Arrhythmia analysis continues to challenge the student and the teacher. Despite the recent advances that have elucidated and verified many electrophysiologic concepts, the presentation of rhythm disorders in a concise, logical manner, thereby providing a rational approach to this often complex subject, has escaped many authors. Weiss has solved this problem with his new text.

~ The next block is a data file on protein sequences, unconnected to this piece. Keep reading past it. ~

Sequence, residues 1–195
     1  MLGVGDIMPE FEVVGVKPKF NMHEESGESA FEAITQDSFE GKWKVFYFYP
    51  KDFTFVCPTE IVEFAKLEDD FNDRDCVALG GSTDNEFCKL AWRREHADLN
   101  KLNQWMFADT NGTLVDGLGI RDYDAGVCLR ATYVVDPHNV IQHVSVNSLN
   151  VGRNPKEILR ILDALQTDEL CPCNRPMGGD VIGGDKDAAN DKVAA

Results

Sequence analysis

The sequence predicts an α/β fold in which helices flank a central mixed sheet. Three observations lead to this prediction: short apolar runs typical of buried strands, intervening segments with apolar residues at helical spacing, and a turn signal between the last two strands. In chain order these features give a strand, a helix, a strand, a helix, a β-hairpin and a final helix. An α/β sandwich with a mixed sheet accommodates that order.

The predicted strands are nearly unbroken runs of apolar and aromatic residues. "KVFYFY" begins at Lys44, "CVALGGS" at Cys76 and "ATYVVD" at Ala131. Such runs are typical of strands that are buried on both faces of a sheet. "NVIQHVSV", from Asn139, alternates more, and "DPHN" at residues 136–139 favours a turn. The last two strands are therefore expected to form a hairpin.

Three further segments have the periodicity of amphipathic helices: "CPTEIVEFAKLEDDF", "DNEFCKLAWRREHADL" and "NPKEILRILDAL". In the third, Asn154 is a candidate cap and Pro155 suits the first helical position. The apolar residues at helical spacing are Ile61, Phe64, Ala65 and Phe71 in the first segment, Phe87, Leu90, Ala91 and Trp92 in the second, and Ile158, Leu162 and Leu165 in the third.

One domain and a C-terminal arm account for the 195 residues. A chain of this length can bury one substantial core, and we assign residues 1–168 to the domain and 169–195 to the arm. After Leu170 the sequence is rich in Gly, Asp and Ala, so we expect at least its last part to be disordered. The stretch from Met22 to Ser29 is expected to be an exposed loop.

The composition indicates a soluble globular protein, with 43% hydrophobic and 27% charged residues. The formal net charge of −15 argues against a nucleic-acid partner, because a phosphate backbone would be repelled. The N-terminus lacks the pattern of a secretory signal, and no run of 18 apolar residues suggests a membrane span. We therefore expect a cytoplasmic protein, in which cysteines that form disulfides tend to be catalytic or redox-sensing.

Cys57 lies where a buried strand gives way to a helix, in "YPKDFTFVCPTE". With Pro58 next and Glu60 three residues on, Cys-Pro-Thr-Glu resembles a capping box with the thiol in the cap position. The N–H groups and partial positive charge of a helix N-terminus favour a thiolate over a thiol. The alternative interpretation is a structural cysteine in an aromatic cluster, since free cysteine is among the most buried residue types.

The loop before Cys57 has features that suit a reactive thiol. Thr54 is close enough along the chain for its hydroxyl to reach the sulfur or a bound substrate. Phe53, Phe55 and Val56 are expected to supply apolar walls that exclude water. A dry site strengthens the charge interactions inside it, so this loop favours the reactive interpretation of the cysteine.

The first two chapters deal with electrophysiology and its electrocardiographic representation in a simple, practical manner. The following sections, which explain common dysrhythmias, are excellent. The numerous, well-labelled examples, which greatly enhance the text explanation, were obviously obtained with painstaking care. The concept of aberrant ventricular conduction, so vital to the clinical importance of arrhythmias, is repeatedly emphasized and well illustrated in its various presentations. The final chapter on approach to rhythm analysis is somewhat repetitive, but it does provide the student with a logical "cookbook" method with which to begin clinical interpretations.